After all of the early mornings and hard work, I couldn’t believe the day was almost here. I had a really hard time sleeping, but I just had to trust that it was all going to be okay.
Sunday, October 10, 2021 – MARATHON Sunday
Getting Ready and Start Line
Whew. I was terrified when I woke up in the morning. I knew I had everything, but I was still so nervous. For breakfast, I ate my granola bar around 6:00 am and saved my Honey Stinger waffle until the start line. I got dressed, put on body glide, sunscreen, and my bib. It was finally time to do the actual race. My plan was to run 60 seconds and then walk 30 seconds after running for the first 1 or 1.5 miles as a warm-up.
I left my hotel around 6:30 am since they suggest arriving at the gates at that time. It was a long time to be at the start line, but I knew I wouldn’t relax anymore in my room. I wandered around the corrals for a while. I was originally in corral M, but I requested a change to L. Because of the temperature, I knew there wasn’t a snowball’s chance I would get below 5 hours (wishful thinking) and felt guilty about going to L. It all ended up working out because I couldn’t even figure out how to get to the L group from where I entered. Also, I will note, that I shouldn’t have felt guilty about starting in an ambitious group. I think people do that often.
Anyway, my conscious felt better starting in my initial group of M. I went to the corral after checking my bag, using the restroom, and decided to just wait. I had a long time left to go. Slowly but surely things started and we made our way to the start!
Marathon Strategy and Goals
As I was visualizing the course, I put a strategy together that split the course into 6 sections.
Section 1: Miles 1-3 > the downtown warm up
Section 2: Miles 3-8 > going north
Section 3: Miles 8 – 13.1 > south to halfway
Section 4: Miles 13 – 17 > the west side
Section 5: Miles 18 – 23 > going south and banana time
Section 6: Miles 23 – 26.2 > home stretch
I thought this would give me shorter mile markers to focus on and phases for focus. I knew I needed to go slow for the first three sections because I had to feel good at the 13.1 marker or things wouldn’t go well. Sections 4 and 5 would be the hardest and most boring. I wanted to evaluate how I was feeling at section 6 so I could decide if I wanted to pick it up and push towards the end.
Run in at least 5:15
PR (I should have confirmed this time before the race, but I knew it was just under 6 hours)
Run a steady 60/30 pace
Change to a 30/30 pace at mile 20, if I can’t sustain 60/30
Run some after mile 18
Finish even if I have to crawl
Section 1: Miles 1-3
The race was off to a good start. I read a lot of race recaps from previous years on blogs and what they say is true – GPS doesn’t work and it’s crowded. Everyone was running faster than I felt they should be, but it was just so darn exciting! There were so many crowds with funny signs. I really tried to force myself to stay slow for the first 1.5 miles, but I was feeling good. When I started my run/walk series, I felt really out of place. Even in my back-of-the-pack crowd, no one was walking. I tried to stay on the edge and out of people’s way. It was a challenge because I knew I had to run my race. I couldn’t follow what other people were doing. I needed to feel good and not tired when I came back down to the river again.
Section 2: Miles 3 – 8
Shortly after passing the 5K mark, the city becomes less congested and more residential. I keep on my 60/30 pace and was surprised by how strong I was feeling. I couldn’t get my podcasts to work, which was frustrating, but I ended up taking in the crowds and the experience. Around mile 5, you get into a park. I stopped for a restroom break and also got down a little bit of Gatorade for some electrolytes. I hate it so much, but I felt like I needed to do it.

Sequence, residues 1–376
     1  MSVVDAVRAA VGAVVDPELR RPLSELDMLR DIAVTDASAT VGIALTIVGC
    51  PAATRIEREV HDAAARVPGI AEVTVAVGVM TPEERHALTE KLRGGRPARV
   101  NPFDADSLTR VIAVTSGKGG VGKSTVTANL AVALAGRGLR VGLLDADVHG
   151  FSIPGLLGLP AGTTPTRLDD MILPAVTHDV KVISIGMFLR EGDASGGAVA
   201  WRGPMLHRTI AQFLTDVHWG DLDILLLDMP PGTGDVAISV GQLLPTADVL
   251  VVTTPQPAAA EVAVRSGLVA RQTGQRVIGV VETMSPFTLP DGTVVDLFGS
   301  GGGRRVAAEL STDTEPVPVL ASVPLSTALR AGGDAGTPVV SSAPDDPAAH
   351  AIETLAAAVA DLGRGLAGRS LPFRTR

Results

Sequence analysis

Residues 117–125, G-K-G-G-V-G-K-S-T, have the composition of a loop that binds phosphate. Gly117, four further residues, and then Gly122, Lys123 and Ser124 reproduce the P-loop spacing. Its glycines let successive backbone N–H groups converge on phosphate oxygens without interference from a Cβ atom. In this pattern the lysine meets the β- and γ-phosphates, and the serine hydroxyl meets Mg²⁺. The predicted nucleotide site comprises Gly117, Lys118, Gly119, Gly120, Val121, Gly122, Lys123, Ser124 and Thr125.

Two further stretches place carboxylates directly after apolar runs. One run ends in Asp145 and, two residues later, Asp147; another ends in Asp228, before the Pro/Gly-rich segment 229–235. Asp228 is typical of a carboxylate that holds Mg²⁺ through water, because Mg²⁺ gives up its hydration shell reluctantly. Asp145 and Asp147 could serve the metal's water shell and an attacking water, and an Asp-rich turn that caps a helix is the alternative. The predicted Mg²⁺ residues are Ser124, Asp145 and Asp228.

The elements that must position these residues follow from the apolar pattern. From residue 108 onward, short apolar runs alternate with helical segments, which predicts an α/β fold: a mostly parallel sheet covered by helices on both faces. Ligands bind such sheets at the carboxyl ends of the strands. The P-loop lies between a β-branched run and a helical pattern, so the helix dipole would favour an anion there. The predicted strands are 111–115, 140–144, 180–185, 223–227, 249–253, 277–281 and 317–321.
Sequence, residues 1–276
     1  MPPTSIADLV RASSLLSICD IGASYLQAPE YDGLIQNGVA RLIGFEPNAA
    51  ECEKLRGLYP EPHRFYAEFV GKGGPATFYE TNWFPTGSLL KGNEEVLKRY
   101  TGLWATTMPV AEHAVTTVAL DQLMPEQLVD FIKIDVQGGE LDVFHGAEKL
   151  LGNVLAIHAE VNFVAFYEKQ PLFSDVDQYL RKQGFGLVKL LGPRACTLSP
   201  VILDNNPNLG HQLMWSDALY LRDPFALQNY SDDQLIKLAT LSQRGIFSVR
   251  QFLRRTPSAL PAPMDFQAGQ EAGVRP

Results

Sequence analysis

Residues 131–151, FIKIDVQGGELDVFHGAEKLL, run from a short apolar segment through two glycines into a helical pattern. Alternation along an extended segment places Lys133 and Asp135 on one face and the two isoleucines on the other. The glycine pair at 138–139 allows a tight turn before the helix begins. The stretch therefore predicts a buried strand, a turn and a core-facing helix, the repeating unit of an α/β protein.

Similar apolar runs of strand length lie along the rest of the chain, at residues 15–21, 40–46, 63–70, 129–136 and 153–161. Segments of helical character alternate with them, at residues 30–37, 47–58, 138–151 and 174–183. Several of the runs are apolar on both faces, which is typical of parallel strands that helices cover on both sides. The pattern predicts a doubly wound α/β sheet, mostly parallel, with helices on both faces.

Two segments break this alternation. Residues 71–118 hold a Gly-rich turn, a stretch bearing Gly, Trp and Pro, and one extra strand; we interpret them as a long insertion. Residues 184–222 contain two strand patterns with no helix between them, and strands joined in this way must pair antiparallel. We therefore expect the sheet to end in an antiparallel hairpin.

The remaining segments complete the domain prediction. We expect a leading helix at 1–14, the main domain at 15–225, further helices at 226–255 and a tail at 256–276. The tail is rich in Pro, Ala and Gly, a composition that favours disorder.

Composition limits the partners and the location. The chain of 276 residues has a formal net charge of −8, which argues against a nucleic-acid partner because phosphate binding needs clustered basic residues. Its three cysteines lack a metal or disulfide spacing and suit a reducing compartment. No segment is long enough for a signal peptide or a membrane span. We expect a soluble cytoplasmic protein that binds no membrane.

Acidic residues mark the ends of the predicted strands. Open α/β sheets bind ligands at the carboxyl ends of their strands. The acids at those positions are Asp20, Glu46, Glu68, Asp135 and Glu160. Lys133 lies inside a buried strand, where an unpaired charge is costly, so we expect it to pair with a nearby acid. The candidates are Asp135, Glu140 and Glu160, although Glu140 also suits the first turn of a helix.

As you make your way further north, the neighborhoods change, but there were crowds the whole way. Even though it was warm out, it didn’t feel that bad. There were gusts of wind which made you feel cool. I tried not to think of that, but I took water at every aid station to drink and also put a few on my head to try to keep me cool. One of the things I learned during training is that your heart rate increases as you get warmer, so it is important to cool yourself off (thus, why I bought a pair of shorts).
Mile 8 was when you make your turn back south. I reached the most northern part of the course. I just kept chugging along. Slow and steady.
Section 3: Miles 8 – 13.1
The last part of the first half was upon me. At some point during this stretch, I picked up another Gatorade and choked it down. Yuck! The city started getting more condensed as we made our way back into River North.
But I just kept chugging along. I couldn’t believe I was feeling so good at the halfway mark. At some point, I passed the police car doing the 15-mile pace for Wave 2. I felt really good about that and felt confident that I could PR this race. I thought with all my training it would be no issue to PR, but maybe I would do better than expected.
But I knew I had to keep my mind calm. Just slow and steady, 60/30. Just keep going. Don’t get excited. Just be steady. After all, this truly was a marathon and not a sprint!
Then we started getting back into the thick of the city and back to the river when we made it to the halfway point!
I just couldn’t believe that I was feeling good and not too exhausted. Just stay steady!
Section 4: Miles 13 – 17
In my visualization, I knew this part would be hard. This was just an out-and-back going west. I wasn’t sure what would be out here to look at, but it wouldn’t be like the River District. Around mile 15, I started to not feel well. I decided to walk for a little bit, took a Huma gel, and stopped at the restroom again. Nausea just wouldn’t go away so I kept walking. When I tried to run, I just couldn’t. I started to get really frustrated with myself. What happened? Why couldn’t I run? I stopped at the restroom again another time or two but nothing was helping. I was so angry and upset.